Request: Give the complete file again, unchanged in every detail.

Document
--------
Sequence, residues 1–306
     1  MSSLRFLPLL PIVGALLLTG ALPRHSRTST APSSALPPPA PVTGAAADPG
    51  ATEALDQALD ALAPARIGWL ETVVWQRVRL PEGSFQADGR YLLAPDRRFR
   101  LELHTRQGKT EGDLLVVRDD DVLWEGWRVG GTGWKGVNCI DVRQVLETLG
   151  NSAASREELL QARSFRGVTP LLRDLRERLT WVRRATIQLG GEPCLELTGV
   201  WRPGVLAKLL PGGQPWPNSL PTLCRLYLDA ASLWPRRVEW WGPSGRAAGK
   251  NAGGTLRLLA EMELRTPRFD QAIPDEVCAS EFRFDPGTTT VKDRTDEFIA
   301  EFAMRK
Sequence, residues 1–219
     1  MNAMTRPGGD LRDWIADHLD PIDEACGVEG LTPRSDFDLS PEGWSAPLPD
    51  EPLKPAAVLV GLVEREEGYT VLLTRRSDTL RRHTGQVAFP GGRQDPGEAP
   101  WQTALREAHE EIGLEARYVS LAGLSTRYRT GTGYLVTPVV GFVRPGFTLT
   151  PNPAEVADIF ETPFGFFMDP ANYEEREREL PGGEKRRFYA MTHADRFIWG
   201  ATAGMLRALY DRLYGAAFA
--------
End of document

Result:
Sequence, residues 1–306
     1  MSSLRFLPLL PIVGALLLTG ALPRHSRTST APSSALPPPA PVTGAAADPG
    51  ATEALDQALD ALAPARIGWL ETVVWQRVRL PEGSFQADGR YLLAPDRRFR
   101  LELHTRQGKT EGDLLVVRDD DVLWEGWRVG GTGWKGVNCI DVRQVLETLG
   151  NSAASREELL QARSFRGVTP LLRDLRERLT WVRRATIQLG GEPCLELTGV
   201  WRPGVLAKLL PGGQPWPNSL PTLCRLYLDA ASLWPRRVEW WGPSGRAAGK
   251  NAGGTLRLLA EMELRTPRFD QAIPDEVCAS EFRFDPGTTT VKDRTDEFIA
   301  EFAMRK
Sequence, residues 1–219
     1  MNAMTRPGGD LRDWIADHLD PIDEACGVEG LTPRSDFDLS PEGWSAPLPD
    51  EPLKPAAVLV GLVEREEGYT VLLTRRSDTL RRHTGQVAFP GGRQDPGEAP
   101  WQTALREAHE EIGLEARYVS LAGLSTRYRT GTGYLVTPVV GFVRPGFTLT
   151  PNPAEVADIF ETPFGFFMDP ANYEEREREL PGGEKRRFYA MTHADRFIWG
   201  ATAGMLRALY DRLYGAAFA